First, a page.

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Warning Signs of Vitamin D Deficiency Most People Ignore and How to Cure It

Did you know that vitamin D is not really a vitamin at all? It’s a steroid hormone which our body produces when we are exposed to enough sunshine, and we can partially receive it through certain foods and supplements. That’s why it’s also called the sunshine vitamin, and having enough vitamin D in your body is essential for your overall health. Vitamin D deficiency is very common in the US, but many people misinterpret the signals and believe they have high levels of vitamin D because they consume food rich in vitamin D (like milk).

The Center for Disease Control and Prevention calculated that as much as 32 % of the population in the US has vitamin D deficiency and the National Health and Nutrition Examination Survey discovered that 50 % of children aged 1-5 years, and 70% of children between the ages of 6 and 11, are deficient or insufficient in vitamin D.

The most astonishing statistic might be that scientists estimate that as much as 50% of the population in the US is at risk of vitamin D deficiency. These numbers are incredible if you know that you get the vitamin from simply being in the sun.

Vitamin D deficiency is a very serious condition which can cause many health problems. Among other, people with low levels of vitamin D have a higher risk of death from a cardiovascular disease, breast, colon and prostate cancer, they are more likely to gain weight, suffer from depression, develop cognitive impairment in older adults or severe asthma in children and many more.

Producing enough vitamin D can help you prevent and treat an array of conditions, such as type1and type 2 diabetes, hypertension, glucose intolerance, and multiple sclerosis. Vitamin D is crucial for stronger and healthier bones, it boosts the immune system and fights infections, improves circulation and heart condition. If you look at all these conditions and diseases vitamin D can prevent and treat it’s amazing how many people are not informed about the importance of this vitamin.

The only way to know for sure whether you suffer from vitamin D deficiency or not is to get your blood tested. But there are certain symptoms which if present may indicate a vitamin D deficiency, so if you recognize some of the following symptoms you should get tested

Signs of Vitamin D Deficiency

  • If you have darker skin you’ll more likely prone to vitamin D deficiency, because people with darker skin need 10 times more sun exposure than people with lighter skin to produce the sufficient amount of vitamin D.
  • If you feel depressed it’s possible that you don’t have enough vitamin D. When we are exposed to the sun our body secretes serotonin, the hormone which elevates our mood, and the levels of serotonin decrease with decreased sun exposure. In 2006 as a study on this subject, the impact, on the mental health, of vitamin D was examined among senior patients. The conclusion was that the lower the level of the vitamin D was the more the patients were prone to depression (11 times) in comparison with the ones who had normal doses.
  • If your bones ache, if you frequently get fractures or breaks, it’s possible that you lack vitamin D in your system. German scientists have concluded that you have 31% higher chances for bone fractures if you suffer from this deficiency.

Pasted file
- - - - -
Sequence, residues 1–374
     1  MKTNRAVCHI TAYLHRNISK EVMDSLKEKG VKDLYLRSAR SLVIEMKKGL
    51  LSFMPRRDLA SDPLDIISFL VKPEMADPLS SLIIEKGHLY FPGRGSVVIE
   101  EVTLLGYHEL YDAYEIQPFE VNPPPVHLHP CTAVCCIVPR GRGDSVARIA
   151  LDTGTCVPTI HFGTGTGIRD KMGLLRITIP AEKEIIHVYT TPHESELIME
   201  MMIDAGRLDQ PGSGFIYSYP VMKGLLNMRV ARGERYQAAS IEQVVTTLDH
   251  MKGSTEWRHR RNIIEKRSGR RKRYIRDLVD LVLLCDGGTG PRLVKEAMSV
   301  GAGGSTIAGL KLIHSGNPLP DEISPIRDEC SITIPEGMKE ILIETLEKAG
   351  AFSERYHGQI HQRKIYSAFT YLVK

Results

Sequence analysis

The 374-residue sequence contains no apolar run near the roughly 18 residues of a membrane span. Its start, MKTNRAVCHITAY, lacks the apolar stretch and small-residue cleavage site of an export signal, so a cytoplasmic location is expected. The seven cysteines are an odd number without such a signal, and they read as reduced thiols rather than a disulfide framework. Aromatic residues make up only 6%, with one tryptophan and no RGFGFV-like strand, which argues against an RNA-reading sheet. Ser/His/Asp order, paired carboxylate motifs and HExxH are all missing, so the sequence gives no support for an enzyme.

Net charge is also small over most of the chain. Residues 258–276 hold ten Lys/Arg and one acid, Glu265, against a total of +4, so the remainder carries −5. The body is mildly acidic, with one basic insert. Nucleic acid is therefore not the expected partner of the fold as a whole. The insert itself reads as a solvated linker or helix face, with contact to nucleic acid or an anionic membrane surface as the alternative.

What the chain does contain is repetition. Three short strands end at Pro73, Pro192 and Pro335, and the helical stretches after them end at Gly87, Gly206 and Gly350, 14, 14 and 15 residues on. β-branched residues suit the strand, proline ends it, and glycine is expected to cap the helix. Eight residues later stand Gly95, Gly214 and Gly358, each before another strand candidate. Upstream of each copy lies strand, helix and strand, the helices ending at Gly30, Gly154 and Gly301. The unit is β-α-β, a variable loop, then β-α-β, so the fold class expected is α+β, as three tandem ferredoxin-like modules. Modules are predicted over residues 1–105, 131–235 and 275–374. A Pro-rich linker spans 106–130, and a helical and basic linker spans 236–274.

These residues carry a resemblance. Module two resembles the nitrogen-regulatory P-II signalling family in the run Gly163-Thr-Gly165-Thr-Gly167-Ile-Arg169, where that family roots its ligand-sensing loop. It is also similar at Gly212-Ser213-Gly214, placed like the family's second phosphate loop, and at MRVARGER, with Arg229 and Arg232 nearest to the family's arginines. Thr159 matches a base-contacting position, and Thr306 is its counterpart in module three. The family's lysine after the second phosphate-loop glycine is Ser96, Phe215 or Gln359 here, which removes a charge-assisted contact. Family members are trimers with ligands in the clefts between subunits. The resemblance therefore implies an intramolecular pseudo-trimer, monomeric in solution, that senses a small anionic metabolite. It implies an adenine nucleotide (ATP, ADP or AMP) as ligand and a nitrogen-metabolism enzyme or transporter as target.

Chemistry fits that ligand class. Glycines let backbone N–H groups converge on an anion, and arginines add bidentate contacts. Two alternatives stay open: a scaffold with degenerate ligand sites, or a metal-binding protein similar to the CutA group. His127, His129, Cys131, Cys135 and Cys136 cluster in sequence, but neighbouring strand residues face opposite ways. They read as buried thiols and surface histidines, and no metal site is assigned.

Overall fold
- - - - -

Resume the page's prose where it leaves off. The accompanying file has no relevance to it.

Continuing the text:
• Acid reflux, bloating and other gut problems have been linked to vitamin D deficiency. This vitamin is necessary for a healthy balance with the gut. Dr. Stasha Gominak, a Vitamin D specialist says that it can affect the entire GI tract. It can cause acid reflux, poor stomach emptying, bloating and constipation because just like us the healthy bacterium needs it to survive.
  • Sleeping problems have also been linked to vitamin D deficiency. If you simply can’t seem to buzz off even when all the good night sleep criteria have been satisfied you should check your vitamin D levels. Low vitamin D levels can cause a plethora of sleeping disorders, such as insomnia, sleep apnea, unexplained awakenings and inappropriate body movements during sleep.
  • Erectile dysfunction, this problem affects almost 30 million Americans, and it’s important to know that it may be caused by vitamin D deficiency. A study from the Journal of Sexual Medicine conducted in 2014 revealed that men who had severe problems with erectile dysfunction had much lower vitamin D levels than those with mild problems.
  • If you frequently suffer from infections, seasonal flues, colds and similar illnesses it’s possible that you need more vitamin D. It’s known that vitamin D is necessary for a well-functioning immune system, and low levels may lead to weaker immune system. It has been concluded by a group of German scientists that high levels of Vitamin D can boost your ability to fight off viruses and infections five times.
  • Sweaty head is one of the least known sign of a vitamin D deficiency, but it’s a sure indicator, so if you sweat excessively you should check it out.

If you’ve noticed one or more of the above mentioned symptoms you should test your blood to make sure. In case you do have vitamin D deficiency or insufficiency there are a few things you can do to boost its productions.

The easiest, most enjoyable and interesting way to boost the production is probably through increased sun exposure. You should spend at least 15 minutes daily in the sun and you should expose at least 40% of your skin to the sun, not only the face and hands. Even though using sun screen is important for the prevention of skin cancer, it lowers your ability to produce vitamin D by 95%.

If you can’t get enough sun then you can concentrate on consuming more of the following foods: egg yolk, fish and seafood, beef, cod liver oil and fortified foods such as orange juice, cereals, yogurt, cow milk, goat milk.

Via: WebMD | Mercola

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